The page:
Each week, a new "patient" from this "family" presents for treatment. Prior to beginning treatment, students receive written information, radiographs, and case background material for the simulated patient-problem scenario. The students are required to complete a treatment plan prior to arriving in class, and are encouraged to work collaboratively and to focus on identifying clinical issues applicable to the resolution of the problems of their particular "patient" for the day. They must decide which teeth may require care, how health and social issues may modify the treatment to be delivered, and what the patient's risk factors are for disease. For example, the patient may not want "mercury" fillings; the patient may have just lost his job and his dental insurance; the patient may have received a conflicting diagnosis from another dentist. Students must recommend tobacco cessation for patients with histories of smoking, and they must make recommendations for the presentation of all diseases, NOT just the decay to be treated that day. Students quickly learn that we treat people, not teeth.

It is important in PBL to take an incremental approach in order to avoid overwhelming the student with the complexity of clinical situations. We begin with simplified versions of real clinical situations and progressively add components. This enables students to engage with one another in meaningful problem solving. In the process, students develop independent reasoning skills that can be evaluated and strengthened by the faculty facilitators.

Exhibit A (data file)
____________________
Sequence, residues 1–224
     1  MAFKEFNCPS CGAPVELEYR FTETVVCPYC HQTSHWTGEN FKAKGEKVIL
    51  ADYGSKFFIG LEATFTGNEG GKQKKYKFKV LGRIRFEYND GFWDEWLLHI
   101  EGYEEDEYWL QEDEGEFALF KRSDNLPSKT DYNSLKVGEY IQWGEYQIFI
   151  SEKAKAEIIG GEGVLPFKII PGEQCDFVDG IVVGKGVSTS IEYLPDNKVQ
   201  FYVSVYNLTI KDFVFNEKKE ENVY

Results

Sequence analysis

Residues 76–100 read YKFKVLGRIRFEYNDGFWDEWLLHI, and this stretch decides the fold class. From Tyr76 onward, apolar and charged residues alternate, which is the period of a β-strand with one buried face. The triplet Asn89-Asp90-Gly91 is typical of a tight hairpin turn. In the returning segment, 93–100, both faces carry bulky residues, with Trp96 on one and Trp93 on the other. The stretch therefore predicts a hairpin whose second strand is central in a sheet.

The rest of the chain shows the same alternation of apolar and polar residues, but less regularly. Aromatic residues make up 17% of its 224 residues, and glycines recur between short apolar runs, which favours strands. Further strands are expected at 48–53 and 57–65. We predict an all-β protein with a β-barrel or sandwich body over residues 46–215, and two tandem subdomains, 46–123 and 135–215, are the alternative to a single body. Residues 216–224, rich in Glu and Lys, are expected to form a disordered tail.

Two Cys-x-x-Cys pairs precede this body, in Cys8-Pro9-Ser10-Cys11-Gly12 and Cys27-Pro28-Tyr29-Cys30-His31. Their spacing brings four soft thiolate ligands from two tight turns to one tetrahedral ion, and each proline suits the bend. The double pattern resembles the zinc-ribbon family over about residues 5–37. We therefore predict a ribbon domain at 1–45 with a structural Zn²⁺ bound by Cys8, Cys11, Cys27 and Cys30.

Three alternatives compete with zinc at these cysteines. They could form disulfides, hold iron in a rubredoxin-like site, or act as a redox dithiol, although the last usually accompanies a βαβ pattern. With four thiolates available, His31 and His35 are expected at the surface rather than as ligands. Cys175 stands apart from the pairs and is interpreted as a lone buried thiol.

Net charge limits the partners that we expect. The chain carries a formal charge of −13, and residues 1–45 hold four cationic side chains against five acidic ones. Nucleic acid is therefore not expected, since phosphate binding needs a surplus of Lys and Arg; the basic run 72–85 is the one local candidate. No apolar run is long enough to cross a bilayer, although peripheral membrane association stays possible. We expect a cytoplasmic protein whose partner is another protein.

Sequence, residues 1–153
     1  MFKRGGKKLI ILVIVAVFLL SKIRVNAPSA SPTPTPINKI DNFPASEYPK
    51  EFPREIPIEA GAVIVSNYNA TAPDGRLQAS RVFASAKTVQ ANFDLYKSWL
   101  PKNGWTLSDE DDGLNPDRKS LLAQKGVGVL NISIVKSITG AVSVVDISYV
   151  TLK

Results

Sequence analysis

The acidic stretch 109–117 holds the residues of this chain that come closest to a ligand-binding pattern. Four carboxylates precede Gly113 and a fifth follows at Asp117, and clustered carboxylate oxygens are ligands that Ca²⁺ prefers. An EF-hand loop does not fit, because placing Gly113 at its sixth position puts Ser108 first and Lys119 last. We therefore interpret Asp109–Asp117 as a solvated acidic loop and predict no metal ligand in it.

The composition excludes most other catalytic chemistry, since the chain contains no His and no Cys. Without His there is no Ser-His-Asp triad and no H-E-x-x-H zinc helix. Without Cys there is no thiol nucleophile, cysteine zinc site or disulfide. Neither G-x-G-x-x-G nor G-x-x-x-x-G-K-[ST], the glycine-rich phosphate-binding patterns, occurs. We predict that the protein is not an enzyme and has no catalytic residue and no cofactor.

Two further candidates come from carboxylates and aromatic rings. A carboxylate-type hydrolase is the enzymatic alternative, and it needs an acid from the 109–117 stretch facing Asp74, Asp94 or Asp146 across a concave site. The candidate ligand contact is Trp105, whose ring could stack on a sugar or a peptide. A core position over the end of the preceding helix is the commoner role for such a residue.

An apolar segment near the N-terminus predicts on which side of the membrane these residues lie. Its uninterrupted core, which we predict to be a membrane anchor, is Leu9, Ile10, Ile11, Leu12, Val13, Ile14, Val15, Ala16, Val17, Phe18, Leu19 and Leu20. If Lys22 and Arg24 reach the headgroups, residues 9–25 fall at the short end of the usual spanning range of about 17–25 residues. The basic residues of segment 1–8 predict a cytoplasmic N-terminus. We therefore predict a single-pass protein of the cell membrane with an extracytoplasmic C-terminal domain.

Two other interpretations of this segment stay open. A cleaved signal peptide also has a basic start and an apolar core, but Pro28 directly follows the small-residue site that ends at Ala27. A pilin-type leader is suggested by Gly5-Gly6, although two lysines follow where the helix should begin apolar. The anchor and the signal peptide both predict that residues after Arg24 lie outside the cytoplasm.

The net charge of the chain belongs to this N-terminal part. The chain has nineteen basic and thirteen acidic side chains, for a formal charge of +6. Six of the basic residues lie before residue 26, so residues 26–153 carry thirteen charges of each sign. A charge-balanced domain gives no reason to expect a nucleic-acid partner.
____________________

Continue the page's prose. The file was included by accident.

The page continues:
Student comments are the barometer by which we judge the program’s success. Seth Rubenstein, Class of 2011, has this to say: "At NYU, our operative lab work has been designed to help correlate preclinical treatment with patient care and ultimately help us transition into the clinic more smoothly. This approach teaches us to treat patients comprehensively. We enjoy the challenge of using information gained from all parts of our education--pharmacology, dental anatomy, radiology, cariology, etc.—and applying it to patient care scenarios. This more realistic, preclinical approach allows us to see the big picture of the work we are doing in the labs rather than blindly completing an assignment on a typodont. Instead, our assignments are intertwined with real scenarios, such as a patient concerned with the esthetics of their smile, or one with limited finances."

Adds E. Matthew Lamb, Class of 2011: "This training has emphasized that a good restorative preparation does not, in its own right, makes a great dentist. Patients will never see our expertly done preparations or artistically carved occlusal anatomy. Instead, they’re concerned about our ability to diagnose the problem correctly and to treat it in a way that is proper--perhaps even preventing it in the first place! This medical approach to dentistry is what builds a trusting relationship with patients and what ultimately defines a good dentist."

Our students' enthusiastic reaction to diagnosing and treating a "patient," rather than just performing a mechanical procedure on a plastic tooth, is the best outcome we could hope for. This process has strengthened their ability to transition into the clinic setting and has brought a new sense of accomplishment to both students and faculty.